In Internet culture, users of message boards such as 4chan and 8chan routinely post graphic or disturbing images or commentary while safely cloaked behind screen names. It’s unlikely that they would post the same things were their real names tied to the posts. Hacktivists participate in denial of service (DDoS) attacks while comfortably unidentified. Criminals routinely deal in stolen credit card numbers, safe in Internet obscurity (indeed, there’s so little risk involved with dealing in stolen credit cards that the cost for valid credentials is between $1.00 and $3.00). And just a single advanced persistent threat (APT) group, protected by the Internet’s architecture, has absconded with over $1 billion from banks and financial institutions to date, not to mention the unnamed group that breached the US Office of Personnel Management.2

Clearly, Internet anonymity (and the resulting lack of accountability) is a problem. And it’s one we tolerate. It’s not because we’re unaware of the problem – it’s because, as a society, we value privacy as the guarantor of liberty over security. This concept is woven into, and in fact predates, the fabric of the United States (Benjamin Franklin’s famous line about liberty and safety dates from 1755).

However, we no longer have to tolerate an insecure Internet and a hostile cyberspace. We have the technical means available to ensure both privacy and accountability. In physical space, we don’t care whether our cars are seen driving down the highway, that our letter or parcel is in the hands of the Postal Service while in transit, or that we’re seen walking the street. We only care whether it’s known that we own that particular car, that the contents of the package are secure, or that our thoughts and intentions are available only to us. In other words, it’s not knowledge of our presence that’s the issue – it’s knowledge of our information.

Applying this to cyberspace, we should be concerned with protecting the payload contained in a communication’s packets, not the fact that a particular user put that data onto the Internet. In fact, the ability to identify which user sent which packets across the network is essential to creating an accountable and regulable Internet. Fortunately, the technology to enable this capability exists – and has for about a decade.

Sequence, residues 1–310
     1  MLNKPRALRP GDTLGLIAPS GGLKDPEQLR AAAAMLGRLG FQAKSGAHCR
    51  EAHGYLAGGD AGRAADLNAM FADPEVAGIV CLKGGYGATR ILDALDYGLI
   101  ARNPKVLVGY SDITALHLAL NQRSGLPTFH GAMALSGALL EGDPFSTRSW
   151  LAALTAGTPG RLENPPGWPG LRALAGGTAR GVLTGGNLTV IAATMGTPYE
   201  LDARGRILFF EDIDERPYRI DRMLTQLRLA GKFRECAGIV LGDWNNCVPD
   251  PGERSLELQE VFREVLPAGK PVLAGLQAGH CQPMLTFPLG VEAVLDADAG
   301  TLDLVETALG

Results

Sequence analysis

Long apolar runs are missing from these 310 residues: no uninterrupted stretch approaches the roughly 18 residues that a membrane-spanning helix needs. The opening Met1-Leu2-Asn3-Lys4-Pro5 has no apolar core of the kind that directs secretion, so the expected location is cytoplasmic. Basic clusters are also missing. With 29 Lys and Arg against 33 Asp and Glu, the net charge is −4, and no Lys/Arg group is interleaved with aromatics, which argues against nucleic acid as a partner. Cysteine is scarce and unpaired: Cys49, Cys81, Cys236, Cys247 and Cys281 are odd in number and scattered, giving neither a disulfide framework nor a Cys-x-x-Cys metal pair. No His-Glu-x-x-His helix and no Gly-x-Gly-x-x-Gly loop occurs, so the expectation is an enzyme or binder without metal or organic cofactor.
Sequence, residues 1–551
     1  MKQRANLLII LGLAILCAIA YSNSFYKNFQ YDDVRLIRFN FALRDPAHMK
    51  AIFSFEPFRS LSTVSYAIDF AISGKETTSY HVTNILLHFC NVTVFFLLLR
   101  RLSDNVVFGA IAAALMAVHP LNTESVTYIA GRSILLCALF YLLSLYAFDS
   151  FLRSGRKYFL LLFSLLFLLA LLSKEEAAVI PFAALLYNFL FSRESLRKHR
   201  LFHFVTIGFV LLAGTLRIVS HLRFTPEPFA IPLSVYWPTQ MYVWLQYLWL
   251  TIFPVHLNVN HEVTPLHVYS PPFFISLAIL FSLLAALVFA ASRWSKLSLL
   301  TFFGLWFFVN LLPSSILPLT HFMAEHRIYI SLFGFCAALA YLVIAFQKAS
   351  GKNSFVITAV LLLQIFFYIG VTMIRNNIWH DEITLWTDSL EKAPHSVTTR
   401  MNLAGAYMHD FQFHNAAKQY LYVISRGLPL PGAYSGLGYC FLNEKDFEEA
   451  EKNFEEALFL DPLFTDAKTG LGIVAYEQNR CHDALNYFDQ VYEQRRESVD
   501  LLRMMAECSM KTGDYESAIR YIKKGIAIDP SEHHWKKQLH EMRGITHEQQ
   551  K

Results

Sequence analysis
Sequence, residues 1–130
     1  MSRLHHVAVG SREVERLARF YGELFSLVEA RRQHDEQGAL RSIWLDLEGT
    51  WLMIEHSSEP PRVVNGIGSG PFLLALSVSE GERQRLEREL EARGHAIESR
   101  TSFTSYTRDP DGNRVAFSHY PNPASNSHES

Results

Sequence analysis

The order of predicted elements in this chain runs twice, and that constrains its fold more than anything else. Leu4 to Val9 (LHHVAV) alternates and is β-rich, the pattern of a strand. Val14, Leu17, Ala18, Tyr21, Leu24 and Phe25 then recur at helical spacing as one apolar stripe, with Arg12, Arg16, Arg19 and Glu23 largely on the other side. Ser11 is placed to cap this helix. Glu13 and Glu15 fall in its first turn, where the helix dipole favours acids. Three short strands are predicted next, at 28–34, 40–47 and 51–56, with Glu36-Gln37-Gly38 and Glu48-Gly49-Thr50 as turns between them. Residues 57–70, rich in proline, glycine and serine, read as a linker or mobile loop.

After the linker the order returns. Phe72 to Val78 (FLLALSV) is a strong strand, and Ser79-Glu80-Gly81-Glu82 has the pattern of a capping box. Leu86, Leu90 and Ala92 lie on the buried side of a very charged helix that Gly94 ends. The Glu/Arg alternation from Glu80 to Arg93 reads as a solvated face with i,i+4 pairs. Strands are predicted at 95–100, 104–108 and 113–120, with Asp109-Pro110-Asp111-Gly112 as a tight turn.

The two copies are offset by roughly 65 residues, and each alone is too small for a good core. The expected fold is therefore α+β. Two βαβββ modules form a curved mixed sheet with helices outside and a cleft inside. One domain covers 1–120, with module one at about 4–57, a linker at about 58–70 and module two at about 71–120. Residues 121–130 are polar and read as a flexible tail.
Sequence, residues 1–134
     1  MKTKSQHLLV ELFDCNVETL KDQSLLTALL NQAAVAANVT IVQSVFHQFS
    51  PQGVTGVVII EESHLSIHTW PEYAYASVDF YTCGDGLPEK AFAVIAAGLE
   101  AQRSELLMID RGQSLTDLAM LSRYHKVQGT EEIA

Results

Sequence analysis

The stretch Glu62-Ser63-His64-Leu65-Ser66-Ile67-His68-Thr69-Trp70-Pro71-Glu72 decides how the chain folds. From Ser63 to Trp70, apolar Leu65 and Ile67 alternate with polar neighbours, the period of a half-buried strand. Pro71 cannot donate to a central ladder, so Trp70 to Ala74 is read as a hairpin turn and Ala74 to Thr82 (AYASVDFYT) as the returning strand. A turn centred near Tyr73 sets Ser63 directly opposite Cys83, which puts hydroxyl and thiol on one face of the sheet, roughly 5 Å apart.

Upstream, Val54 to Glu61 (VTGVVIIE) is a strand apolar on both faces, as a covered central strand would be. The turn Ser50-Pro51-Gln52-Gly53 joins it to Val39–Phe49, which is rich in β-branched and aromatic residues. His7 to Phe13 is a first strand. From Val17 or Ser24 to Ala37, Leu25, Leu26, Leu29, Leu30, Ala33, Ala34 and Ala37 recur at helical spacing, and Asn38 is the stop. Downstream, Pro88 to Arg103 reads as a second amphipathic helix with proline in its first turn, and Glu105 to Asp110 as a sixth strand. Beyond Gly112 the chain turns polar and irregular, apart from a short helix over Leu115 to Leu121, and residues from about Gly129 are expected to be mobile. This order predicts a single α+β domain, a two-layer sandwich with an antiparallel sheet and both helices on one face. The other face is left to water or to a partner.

While political parties argue across the aisles and policy experts argue with technologists, while industry argues with government and privacy advocates argue with law enforcement, the problem only gets worse.

 Internet Protocol Security (IPsec) is a protocol suite that secures communications by authenticating and encrypting each IP packet of a communication session. It can be applied to IPv4 and is integral to IPv6. Using IPsec, a unique identifier can be attached to the header of each packet, thus creating accountability by linking the sender to the packet. The correlation between the identifier and a user could be held by an internet service provider (ISP) and not made public absent a warrant or court order. Just like a license plate.

Similarly, IPsec offers the ability to encrypt, and thus protect, the content of all communications, end to end, as does the transport level protocol, tcpcrypt. The encryption happens at the internet and transport layers of the internet protocol suite respectively, and is thus more robust than application-layer encryption.

Neither IPsec nor tcpcrypt is new or technically risky; nor are they technical silver bullets that solve the whole problem. What they do is force a question and open a conversation: since embedded accountability increases the risk for malicious actors and encryption protects privacy, and an identity/encryption implementation employing available technologies would lower the overall risk in cyberspace why isn’t this being done as a matter of course?

The answer may be an issue of best versus good, of educating more people on the nuances of the problem, or one of political will. It’s not clear. What is clear is that cybersecurity is one of the most pressing security issues facing the nation today. And while political parties argue across the aisles and policy experts argue with technologists, while industry argues with government and privacy advocates argue with law enforcement, the problem only gets worse.

The ability to secure cyberspace exists. The real question is whether we have the collective will to put parochial concerns aside and work collaboratively towards a solution.


  1. Harris, Shane. @War: The Rise of the Military-Internet Complex. Eamon Dolan/Houghton Mifflin Harcourt, 2014.
  2. Drozhzhin, Alex. “The Greatest Heist of the Century: Hackers Stole $1 Bln.” February 16, 2015.